How to Install Perforated Drain Pipe

If you live in a wet area or know that your yard is prone to flooding then install a perforated drain pipe is a smart way to make sure that water doesn’t settle near your foundation and cause problems in your yard. Perforated drain pipes work by allowing water into them from holes along the length of the pipe. This water then travels through the pipe, making it perfect to use for keeping certain areas of your property dry. Installing a perforated drain pipe is an easy thing to do if you want to tackle the job yourself. Just follow the steps below and enjoy your drier yard the next time it rains!

Dig Your Trench

Always call to have your utilities marked before you do any sort of digging to avoid accidentally cutting any lines. Make sure that the trench you are planning to dig will take water away from your house to avoid any future problems. Your trench will need to be two times as wide as the drainage pipe you are going to use and deep enough to keep the pipe below the frost line. While this can be accomplished with a shovel, renting a backhoe will make this part of the job easier.

Create the Slope

Using a sledgehammer, drive wooden stakes into the trench four feet apart. Tie a string to the stake where the pipe will begin and run it, wrapping it around each stake. Making sure the string is level between the first two stakes, push it down half an inch on the second. Continue this down your trench to create a gentle slope that will keep the water moving from your home. If you don’t create enough of a slope for your perforated drain pipe then the water will simply sit in the pipe, causing future problems. Making sure that there is a gentle slope to keep the water moving is imperative if you don’t want to cause any problems for yourself down the line.

Level the Soil and Add Gravel and Landscape Fabric

Using a tamper, pack down the dirt in the trench to make it firm. Make sure that the distance from the dirt to the string is the same on each stake with a measuring tape. Add or remove soil to keep this distance the same so that your pipe will lay flat, yet at a slope. You don’t want any hills or valleys in your pipe that will trap the water. Lay landscape fabric and then two inches of gravel in the trench. Make sure that you have enough landscape fabric so that you can wrap it around the drainage pipe once you install it. The landscape fabric is there to ensure that soil and other debris doesn’t work its way into the gravel. If you have dirt and other debris in your gravel then it is easy for it to get into the perforated drain pipe and cause problems with the water flow.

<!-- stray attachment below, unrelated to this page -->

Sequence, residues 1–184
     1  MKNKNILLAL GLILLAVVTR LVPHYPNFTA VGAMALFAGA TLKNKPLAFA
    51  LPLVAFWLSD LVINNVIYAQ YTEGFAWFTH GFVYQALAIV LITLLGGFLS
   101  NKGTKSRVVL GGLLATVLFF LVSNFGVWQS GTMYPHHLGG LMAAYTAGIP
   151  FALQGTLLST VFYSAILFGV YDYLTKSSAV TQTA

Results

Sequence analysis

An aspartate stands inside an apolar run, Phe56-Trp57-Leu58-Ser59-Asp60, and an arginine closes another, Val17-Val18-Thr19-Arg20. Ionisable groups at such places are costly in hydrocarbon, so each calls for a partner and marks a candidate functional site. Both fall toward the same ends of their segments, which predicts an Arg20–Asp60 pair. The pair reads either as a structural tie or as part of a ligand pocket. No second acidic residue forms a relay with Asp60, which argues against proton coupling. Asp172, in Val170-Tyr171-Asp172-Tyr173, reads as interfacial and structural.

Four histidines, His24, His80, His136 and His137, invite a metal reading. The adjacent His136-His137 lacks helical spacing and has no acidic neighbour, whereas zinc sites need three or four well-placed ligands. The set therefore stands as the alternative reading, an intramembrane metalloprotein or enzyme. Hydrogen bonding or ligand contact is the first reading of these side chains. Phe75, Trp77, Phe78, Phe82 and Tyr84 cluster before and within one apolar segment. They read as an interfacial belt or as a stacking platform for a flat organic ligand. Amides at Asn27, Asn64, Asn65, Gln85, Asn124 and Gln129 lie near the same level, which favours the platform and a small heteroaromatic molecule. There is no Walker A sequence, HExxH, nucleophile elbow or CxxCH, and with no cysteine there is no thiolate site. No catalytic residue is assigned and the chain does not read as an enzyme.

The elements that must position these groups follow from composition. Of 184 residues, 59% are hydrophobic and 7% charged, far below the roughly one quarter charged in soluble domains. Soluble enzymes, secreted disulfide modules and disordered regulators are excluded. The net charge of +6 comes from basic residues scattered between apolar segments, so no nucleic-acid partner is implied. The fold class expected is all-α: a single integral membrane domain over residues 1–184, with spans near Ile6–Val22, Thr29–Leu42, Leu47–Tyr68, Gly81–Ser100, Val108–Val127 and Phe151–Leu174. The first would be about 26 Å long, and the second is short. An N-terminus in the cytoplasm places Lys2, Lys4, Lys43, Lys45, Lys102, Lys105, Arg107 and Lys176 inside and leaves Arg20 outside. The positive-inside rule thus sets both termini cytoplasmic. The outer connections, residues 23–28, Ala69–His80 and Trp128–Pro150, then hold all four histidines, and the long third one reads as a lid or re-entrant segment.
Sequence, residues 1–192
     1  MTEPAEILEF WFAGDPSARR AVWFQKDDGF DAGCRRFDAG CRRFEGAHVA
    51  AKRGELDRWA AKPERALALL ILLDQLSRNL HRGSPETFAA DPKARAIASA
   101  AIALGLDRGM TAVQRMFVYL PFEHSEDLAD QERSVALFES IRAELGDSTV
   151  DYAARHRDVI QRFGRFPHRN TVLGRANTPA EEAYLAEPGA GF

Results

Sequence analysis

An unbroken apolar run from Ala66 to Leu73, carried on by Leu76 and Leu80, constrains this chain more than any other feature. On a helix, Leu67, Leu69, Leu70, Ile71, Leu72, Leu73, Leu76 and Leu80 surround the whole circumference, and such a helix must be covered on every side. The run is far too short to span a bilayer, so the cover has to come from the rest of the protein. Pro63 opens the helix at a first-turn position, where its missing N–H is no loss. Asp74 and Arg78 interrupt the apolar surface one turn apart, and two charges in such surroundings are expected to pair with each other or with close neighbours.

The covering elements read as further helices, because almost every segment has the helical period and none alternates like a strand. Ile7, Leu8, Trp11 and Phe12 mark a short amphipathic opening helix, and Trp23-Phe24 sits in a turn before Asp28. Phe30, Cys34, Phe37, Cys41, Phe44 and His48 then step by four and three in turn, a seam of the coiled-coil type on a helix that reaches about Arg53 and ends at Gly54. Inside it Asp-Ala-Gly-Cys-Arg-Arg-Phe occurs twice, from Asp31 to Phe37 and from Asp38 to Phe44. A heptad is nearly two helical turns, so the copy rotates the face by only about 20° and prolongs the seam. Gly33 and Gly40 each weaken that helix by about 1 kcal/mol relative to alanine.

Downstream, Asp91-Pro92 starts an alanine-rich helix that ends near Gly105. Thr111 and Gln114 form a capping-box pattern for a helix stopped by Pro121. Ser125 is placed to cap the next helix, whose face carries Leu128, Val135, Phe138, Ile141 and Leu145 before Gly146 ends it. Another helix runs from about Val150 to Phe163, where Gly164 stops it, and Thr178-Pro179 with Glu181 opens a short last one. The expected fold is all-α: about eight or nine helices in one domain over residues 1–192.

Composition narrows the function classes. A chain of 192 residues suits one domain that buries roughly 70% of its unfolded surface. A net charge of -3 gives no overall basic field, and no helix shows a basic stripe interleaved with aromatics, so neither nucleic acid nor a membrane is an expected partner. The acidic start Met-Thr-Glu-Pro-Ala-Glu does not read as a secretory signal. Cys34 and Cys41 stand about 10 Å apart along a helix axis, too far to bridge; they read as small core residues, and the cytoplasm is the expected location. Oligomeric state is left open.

Lay the Pipe

Lay the perforated drainage pipe on the gravel. Now is the time to comply with local codes and, if you need to, wrap more material around it to keep soil from entering the pipe and blocking the water. It’s always a good idea to check before you begin a project like this to make sure that you have the necessary materials to keep your work up to code in your area. You don’t want your hard work to be installed incorrectly.

Complete Installation

Once you have your pipe in the trench you will need to add more gravel to the top of it. The depth that you are looking for is between four and six inches. Take the ends of the landscape fabric that you left loose and wrap them up and over the gravel and the pipe. Using dirt to hold the landscape fabric in place, work your way along the trench, wrapping the pipe and securing it with shovelfuls of dirt. You can now go back and add more dirt to fill the trench to be level with the rest of your yard. If you have sod in your yard you can easily install that over your trench or seed it and wait for the grass to grow.

When you are deciding your route that you want the water to take away from your home or yard, make sure that you choose the most direct route possible. You want to make it easy for the water to travel along the pipe. Perforated drain pipes are a great underground system that will help keep your home dry for years to come. If you have water left underneath your house after a storm, a pool deck that drips water onto your yard or property, new landscapes in your yard, or if you need irrigation for trees, a perforated drain pipe may be the answer you are looking for.

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